Turnbull Bets on Aussie Property, Slams `Sledgehammer' Tax PlanBy
Government rules out any changes to negative gearing policy
Opposition plan `will deliver a reckless trifecta,' PM says
Australia’s government ruled out curbing a tax break for property investors as it woos homeowners ahead of an expected July election.
Prime Minister Malcolm Turnbull confirmed there will be no reform of so-called negative gearing, which allows investors to deduct the costs of owning a rental property, including mortgage interest payments, from their taxable income. That counters the opposition Labor party’s proposal to remove the break on existing properties from 2017, which the government said will savage the entire housing market.
Turnbull is betting that Australians will recoil at the prospect of any threat to their house values, in one of the world’s most privately indebted nations. With his governing coalition neck-and-neck with Labor in recent polls, and his own popularity on the slide, the Prime Minister has mounted a campaign warning homeowners that removing negative gearing will be a significant blow to their personal wealth.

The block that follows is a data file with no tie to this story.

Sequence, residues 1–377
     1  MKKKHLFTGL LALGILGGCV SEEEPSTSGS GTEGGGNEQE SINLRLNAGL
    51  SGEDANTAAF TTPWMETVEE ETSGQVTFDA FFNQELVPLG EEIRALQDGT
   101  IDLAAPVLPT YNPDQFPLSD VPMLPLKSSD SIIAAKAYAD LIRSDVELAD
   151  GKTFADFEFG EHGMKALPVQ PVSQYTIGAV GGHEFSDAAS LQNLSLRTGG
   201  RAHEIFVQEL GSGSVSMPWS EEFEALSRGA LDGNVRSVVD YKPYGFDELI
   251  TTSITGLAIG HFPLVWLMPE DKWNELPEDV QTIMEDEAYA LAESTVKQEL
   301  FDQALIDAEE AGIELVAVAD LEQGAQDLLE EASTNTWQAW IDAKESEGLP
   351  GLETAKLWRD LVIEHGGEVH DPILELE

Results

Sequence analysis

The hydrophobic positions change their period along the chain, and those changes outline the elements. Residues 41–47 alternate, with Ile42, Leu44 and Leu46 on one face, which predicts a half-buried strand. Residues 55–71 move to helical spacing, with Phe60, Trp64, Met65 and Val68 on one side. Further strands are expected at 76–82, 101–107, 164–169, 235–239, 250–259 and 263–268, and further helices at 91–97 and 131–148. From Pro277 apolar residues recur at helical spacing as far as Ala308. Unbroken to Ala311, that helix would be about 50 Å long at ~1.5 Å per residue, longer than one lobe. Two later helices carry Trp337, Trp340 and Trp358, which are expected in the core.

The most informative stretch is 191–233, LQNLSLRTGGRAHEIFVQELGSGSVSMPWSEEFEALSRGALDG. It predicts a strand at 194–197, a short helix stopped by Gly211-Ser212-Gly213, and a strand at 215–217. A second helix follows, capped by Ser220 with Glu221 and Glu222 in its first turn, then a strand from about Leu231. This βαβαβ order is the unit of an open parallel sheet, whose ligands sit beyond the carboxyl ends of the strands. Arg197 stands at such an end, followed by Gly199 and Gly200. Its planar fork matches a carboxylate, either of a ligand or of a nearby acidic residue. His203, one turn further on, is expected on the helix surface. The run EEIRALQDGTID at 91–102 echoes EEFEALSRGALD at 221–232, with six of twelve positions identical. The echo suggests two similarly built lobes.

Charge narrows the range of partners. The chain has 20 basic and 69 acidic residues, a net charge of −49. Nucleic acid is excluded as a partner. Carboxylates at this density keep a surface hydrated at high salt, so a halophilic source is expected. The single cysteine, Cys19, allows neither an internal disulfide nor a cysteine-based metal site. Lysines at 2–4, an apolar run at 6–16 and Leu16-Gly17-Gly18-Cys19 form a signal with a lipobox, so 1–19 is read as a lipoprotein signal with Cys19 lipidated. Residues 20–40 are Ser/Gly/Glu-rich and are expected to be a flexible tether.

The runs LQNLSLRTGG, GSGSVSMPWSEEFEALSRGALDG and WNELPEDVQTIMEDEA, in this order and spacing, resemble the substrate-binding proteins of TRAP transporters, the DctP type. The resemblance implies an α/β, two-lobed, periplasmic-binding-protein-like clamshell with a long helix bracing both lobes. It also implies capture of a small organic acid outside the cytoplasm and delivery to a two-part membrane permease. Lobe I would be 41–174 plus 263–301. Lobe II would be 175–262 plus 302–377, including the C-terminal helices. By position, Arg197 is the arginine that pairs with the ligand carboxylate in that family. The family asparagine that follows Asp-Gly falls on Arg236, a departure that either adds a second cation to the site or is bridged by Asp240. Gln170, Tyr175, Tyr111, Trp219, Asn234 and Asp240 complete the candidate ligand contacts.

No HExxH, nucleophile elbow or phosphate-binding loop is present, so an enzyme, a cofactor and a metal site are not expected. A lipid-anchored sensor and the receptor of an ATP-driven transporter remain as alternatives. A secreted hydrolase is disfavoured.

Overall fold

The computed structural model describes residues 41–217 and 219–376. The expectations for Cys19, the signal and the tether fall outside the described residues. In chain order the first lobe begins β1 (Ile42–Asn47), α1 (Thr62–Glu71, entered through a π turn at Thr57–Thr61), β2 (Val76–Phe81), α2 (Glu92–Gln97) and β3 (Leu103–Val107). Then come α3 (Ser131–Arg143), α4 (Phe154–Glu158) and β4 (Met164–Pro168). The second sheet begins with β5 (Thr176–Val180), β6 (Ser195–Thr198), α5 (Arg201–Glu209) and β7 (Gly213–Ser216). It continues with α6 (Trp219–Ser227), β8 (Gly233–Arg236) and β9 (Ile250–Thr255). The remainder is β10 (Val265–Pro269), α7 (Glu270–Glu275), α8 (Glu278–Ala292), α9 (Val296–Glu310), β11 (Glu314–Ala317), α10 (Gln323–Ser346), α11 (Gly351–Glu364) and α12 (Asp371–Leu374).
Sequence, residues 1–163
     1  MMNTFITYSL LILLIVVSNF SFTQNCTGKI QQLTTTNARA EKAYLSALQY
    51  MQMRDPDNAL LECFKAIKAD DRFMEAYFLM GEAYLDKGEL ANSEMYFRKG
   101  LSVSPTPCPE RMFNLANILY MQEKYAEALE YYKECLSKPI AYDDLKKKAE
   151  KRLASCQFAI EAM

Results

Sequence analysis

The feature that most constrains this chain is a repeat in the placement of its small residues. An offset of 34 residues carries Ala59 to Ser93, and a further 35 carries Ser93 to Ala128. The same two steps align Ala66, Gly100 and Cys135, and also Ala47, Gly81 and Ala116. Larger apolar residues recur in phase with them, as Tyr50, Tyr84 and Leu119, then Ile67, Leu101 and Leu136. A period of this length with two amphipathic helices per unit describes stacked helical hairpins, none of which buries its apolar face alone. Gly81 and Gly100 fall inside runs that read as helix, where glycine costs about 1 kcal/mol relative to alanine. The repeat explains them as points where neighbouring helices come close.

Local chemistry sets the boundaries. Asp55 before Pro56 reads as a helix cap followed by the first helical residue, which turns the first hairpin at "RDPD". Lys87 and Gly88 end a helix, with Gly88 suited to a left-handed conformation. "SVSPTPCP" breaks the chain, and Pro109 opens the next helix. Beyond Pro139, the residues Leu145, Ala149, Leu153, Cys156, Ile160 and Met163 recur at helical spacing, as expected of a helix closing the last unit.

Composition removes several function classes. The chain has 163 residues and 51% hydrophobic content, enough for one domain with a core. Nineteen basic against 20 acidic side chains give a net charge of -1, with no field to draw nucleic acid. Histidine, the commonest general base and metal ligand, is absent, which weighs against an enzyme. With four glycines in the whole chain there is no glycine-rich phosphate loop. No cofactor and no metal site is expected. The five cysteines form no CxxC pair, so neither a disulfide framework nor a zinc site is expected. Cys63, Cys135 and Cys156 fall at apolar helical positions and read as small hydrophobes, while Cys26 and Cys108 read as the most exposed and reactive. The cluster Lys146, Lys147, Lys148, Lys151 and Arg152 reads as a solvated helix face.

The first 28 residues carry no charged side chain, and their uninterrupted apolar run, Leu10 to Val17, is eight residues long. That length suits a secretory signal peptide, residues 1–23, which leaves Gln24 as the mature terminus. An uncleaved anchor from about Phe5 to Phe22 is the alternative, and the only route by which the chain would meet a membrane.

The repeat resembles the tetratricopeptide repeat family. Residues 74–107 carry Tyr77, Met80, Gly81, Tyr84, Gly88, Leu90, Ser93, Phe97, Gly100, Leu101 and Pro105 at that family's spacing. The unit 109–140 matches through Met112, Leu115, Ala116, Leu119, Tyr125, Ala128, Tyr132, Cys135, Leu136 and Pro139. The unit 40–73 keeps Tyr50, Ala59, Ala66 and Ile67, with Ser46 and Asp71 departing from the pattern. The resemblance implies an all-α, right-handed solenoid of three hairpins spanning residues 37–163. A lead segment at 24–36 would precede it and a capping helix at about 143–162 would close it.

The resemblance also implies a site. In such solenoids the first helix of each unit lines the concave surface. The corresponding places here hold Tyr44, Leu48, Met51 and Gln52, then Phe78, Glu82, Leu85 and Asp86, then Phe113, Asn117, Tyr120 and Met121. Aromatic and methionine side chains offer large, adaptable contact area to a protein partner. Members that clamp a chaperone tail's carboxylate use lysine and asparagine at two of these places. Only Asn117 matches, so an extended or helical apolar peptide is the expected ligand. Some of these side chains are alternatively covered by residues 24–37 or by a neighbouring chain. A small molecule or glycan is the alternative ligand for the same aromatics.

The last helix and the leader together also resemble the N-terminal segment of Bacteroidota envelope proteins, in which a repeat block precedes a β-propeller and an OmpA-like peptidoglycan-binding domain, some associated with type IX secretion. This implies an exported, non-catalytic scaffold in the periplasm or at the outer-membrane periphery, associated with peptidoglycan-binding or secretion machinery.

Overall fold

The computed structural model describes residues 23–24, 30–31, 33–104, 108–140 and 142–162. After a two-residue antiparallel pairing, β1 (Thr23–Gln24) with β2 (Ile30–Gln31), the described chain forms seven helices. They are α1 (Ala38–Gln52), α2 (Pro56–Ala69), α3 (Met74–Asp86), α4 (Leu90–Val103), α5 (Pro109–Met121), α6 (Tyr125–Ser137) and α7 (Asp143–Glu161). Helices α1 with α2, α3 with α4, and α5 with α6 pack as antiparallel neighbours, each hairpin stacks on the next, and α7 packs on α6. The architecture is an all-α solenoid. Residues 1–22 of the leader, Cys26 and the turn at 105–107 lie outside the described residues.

“Labor’s housing tax plan will deliver a reckless trifecta of lower home values, higher rents and less investment,” Turnbull said in a joint statement with Treasurer Scott Morrison on Sunday. “Labor is taking a sledgehammer to the ambitions of mums and dads who want to invest -- whether it’s established houses and apartments, commercial property, shares in listed companies or shares in their own business.”
The government has taken more than two months to announce its official stance on negative gearing, following the release of Labor’s policy in early February. In a television interview later that month, Morrison said there were “excesses” in the current rules.
House prices have jumped almost 55 percent in Australia’s capital cities in the past seven years as mortgage rates dropped to five-decade lows. Prices in Sydney have since fallen after a regulatory clampdown led to a slowdown in mortgages to landlords and the first increase in borrowing costs in five years.
Turnbull has seen his government’s lead in opinion polls over Labor dissipate since seizing the Liberal Party leadership from unpopular predecessor Tony Abbott in September. He’s now seeking to overcome voter perceptions that the coalition lacks direction, and has little in the coffers to offer as pre-election sweeteners when the government announces its budget plans on May 3.
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